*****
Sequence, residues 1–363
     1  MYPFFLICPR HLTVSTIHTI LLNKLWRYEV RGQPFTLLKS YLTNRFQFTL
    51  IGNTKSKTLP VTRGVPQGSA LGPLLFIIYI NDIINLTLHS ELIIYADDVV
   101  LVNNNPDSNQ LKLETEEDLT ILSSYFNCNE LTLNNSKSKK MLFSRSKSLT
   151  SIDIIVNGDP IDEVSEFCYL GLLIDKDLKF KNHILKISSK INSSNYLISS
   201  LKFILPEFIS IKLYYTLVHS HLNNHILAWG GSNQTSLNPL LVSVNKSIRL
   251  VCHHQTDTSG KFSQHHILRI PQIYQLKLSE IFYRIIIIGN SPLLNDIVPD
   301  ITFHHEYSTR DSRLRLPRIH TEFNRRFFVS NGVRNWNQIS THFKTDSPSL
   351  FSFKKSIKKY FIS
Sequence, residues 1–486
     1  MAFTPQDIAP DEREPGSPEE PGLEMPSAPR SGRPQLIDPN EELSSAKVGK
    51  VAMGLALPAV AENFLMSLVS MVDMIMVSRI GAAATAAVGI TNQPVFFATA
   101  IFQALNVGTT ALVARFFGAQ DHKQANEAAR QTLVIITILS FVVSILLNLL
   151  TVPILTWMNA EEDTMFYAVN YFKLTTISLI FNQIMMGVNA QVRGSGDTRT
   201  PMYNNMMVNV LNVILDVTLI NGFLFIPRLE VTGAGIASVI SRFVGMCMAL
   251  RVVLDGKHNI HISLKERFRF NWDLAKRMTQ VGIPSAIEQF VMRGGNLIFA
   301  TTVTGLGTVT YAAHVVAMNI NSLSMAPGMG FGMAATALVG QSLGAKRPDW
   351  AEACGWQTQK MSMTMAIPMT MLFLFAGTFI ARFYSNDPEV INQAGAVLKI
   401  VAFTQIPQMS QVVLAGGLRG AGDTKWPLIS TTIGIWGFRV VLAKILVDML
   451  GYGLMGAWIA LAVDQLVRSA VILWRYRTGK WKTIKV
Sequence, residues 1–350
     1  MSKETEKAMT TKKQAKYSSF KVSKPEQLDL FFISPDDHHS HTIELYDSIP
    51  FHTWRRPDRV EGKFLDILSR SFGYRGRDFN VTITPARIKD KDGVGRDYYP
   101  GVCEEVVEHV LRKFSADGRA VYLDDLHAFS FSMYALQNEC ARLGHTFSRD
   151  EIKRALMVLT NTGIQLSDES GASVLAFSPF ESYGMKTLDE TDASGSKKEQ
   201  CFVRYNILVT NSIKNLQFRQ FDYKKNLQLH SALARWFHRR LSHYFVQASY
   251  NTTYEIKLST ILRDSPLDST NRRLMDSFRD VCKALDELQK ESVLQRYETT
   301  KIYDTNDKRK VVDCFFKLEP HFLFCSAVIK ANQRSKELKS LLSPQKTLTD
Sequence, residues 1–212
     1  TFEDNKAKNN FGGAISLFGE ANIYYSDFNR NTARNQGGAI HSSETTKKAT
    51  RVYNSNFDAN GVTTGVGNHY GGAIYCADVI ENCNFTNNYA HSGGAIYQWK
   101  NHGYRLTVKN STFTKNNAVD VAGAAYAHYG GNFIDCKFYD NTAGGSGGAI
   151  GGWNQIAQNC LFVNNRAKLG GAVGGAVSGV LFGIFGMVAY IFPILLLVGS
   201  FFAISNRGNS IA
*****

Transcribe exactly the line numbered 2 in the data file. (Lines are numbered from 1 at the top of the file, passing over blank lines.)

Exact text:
     1  MYPFFLICPR HLTVSTIHTI LLNKLWRYEV RGQPFTLLKS YLTNRFQFTL